Posted on September 19, 2016
By Joseph Bonney, JOC.com
The International Longshoremen’s Association is refusing to load Hanjin Shipping containers aboard ships or allow Hanjin boxes to leave US East and Gulf Coast terminals, citing concerns about unpaid royalties and other financial obligations to the union.
Multiple ILA and terminal sources said the action is directed mainly at Hanjin’s payment of container royalties, the per-ton fees that ocean carriers pay into funds that support union benefits. Hanjin’s unpaid royalties and obligations to other ILA funds are said to total more than $1 million.
“We’re not happy to have to do this. It’s strictly a business decision,” one ILA official told JOC.com. “Like everyone else, we just want to be paid what is owed us.”
Hanjin’s Aug. 31 receivership filing has set off a scramble by creditors to secure leverage for collection of unpaid bills. The carrier’s ships have been arrested at ports in the United States, China, Singapore, Australia, and Canada.
The ILA is continuing to discharge Hanjin cargo from ships, but is refusing to load Hanjin containers on vessels or allow Hanjin boxes to move out of terminal gates. The action is affecting full and empty boxes. The union is continuing to handle other carriers’ containers.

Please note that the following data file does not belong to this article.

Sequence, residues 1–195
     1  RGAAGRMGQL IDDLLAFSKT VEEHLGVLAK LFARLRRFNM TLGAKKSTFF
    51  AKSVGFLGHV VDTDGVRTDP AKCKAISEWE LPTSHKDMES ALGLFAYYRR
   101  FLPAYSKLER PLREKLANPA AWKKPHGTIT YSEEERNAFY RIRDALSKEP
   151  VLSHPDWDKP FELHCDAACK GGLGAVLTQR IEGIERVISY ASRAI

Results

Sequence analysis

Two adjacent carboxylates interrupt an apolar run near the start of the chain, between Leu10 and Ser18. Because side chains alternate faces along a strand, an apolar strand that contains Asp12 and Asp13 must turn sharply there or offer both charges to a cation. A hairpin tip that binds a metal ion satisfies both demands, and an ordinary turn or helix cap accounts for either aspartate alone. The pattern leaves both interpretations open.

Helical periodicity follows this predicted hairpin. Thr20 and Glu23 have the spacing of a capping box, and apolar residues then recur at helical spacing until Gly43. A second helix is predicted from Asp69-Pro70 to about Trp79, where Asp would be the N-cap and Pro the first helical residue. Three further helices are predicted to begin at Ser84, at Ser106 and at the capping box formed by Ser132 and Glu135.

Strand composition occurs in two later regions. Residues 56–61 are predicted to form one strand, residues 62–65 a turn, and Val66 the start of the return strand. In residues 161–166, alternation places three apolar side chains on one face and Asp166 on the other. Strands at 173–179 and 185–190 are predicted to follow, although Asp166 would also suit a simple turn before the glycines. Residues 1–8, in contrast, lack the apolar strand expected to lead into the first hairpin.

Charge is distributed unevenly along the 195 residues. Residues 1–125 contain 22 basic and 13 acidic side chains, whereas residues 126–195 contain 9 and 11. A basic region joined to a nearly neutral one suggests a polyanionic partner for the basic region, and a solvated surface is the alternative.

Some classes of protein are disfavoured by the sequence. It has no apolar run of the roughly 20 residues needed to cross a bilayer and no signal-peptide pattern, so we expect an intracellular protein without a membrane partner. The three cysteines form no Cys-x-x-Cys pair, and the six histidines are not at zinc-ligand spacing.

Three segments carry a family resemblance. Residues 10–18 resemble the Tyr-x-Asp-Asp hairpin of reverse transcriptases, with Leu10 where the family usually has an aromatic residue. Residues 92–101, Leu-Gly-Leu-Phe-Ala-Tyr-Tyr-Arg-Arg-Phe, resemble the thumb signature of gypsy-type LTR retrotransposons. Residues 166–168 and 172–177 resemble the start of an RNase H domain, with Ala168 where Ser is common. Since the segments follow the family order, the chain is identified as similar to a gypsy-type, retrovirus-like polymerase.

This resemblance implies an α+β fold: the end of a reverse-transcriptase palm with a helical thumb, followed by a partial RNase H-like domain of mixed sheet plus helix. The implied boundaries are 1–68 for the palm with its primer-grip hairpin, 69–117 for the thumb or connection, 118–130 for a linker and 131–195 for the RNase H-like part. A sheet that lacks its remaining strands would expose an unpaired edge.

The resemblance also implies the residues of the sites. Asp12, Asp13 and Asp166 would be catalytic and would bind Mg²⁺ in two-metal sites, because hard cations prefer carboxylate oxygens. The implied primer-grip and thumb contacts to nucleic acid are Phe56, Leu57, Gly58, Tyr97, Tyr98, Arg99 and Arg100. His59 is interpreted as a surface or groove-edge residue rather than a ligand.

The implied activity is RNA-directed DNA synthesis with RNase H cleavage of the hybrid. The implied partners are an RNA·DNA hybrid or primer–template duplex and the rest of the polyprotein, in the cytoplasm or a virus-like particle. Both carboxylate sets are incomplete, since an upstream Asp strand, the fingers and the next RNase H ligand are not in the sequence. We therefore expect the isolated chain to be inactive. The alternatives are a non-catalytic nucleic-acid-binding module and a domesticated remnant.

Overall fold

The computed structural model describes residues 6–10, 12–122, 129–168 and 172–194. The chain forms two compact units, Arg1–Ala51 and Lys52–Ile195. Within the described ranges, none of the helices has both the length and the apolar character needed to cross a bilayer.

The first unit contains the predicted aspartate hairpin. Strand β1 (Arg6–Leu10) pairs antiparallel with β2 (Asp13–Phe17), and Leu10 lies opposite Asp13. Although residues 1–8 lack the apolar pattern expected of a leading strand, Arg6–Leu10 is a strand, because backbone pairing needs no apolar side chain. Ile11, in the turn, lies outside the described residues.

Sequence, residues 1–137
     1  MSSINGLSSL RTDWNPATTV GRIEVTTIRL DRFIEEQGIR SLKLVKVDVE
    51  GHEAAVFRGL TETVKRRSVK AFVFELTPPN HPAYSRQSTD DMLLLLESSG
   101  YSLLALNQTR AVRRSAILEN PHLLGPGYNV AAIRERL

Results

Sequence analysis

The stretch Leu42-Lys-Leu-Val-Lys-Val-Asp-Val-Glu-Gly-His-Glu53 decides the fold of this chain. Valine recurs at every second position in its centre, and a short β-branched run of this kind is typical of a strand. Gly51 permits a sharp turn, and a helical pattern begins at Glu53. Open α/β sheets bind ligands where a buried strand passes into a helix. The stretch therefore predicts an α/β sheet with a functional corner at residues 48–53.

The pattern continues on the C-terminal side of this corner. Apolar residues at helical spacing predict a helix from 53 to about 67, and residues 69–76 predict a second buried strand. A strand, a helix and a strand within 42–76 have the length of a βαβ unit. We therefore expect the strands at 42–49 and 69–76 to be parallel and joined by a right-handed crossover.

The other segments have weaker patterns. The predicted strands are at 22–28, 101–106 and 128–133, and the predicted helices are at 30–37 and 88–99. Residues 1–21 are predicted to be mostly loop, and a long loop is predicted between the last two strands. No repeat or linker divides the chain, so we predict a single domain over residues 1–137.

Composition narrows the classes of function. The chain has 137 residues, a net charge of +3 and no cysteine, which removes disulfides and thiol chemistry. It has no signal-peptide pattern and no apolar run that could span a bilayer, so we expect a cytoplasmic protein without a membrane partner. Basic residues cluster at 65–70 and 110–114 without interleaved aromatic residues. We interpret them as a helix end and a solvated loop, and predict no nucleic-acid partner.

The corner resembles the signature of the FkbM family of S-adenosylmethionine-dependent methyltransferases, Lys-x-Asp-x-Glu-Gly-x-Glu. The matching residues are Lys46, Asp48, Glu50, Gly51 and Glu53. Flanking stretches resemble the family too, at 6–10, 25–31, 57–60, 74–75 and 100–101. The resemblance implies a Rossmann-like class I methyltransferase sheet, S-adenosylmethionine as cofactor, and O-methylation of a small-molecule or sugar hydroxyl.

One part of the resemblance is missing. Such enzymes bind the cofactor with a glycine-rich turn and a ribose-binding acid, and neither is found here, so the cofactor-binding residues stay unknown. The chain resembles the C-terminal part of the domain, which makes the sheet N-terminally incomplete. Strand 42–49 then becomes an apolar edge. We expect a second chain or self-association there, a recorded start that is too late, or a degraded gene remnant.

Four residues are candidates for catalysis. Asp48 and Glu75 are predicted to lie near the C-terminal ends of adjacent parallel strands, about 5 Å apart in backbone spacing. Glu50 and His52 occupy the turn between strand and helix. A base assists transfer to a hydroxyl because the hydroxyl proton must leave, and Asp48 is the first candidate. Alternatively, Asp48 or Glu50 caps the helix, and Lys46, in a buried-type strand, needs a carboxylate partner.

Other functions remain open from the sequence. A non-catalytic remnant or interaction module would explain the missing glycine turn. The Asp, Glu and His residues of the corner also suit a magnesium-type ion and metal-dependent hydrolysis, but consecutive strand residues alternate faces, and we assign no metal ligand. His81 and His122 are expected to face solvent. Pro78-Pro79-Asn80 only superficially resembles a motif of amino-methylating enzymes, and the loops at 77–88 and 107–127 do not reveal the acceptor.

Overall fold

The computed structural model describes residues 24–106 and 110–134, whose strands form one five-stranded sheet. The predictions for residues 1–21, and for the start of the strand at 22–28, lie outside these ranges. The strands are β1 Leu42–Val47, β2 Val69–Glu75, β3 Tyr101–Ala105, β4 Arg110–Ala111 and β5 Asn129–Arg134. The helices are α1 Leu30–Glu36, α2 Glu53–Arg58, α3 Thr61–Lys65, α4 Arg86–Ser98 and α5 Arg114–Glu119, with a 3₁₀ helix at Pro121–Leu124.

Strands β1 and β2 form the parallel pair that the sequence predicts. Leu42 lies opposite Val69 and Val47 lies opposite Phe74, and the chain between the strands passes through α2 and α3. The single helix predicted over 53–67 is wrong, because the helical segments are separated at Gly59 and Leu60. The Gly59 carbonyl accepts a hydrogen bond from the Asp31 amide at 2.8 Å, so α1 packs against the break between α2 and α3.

One forwarder reported that Hanjin boxes were being stranded in terminals at the ports of New York and New Jersey, Virginia, Savannah, and Houston, all of which are called by Hanjin vessels. It was not clear how many Hanjin boxes are being held at the terminals.
As Hanjin seeks bankruptcy protection in multiple countries, some of the company’s ships have been able to call at some ports without being seized.
The Hanjin group has secured $10 million to allow ships to be worked at US West Coast ports. However, two vessels, the Hanjin Miami and Seaspan Efficiency, were still idled off New York-New Jersey and Savannah on Friday at the same locations where they were last week.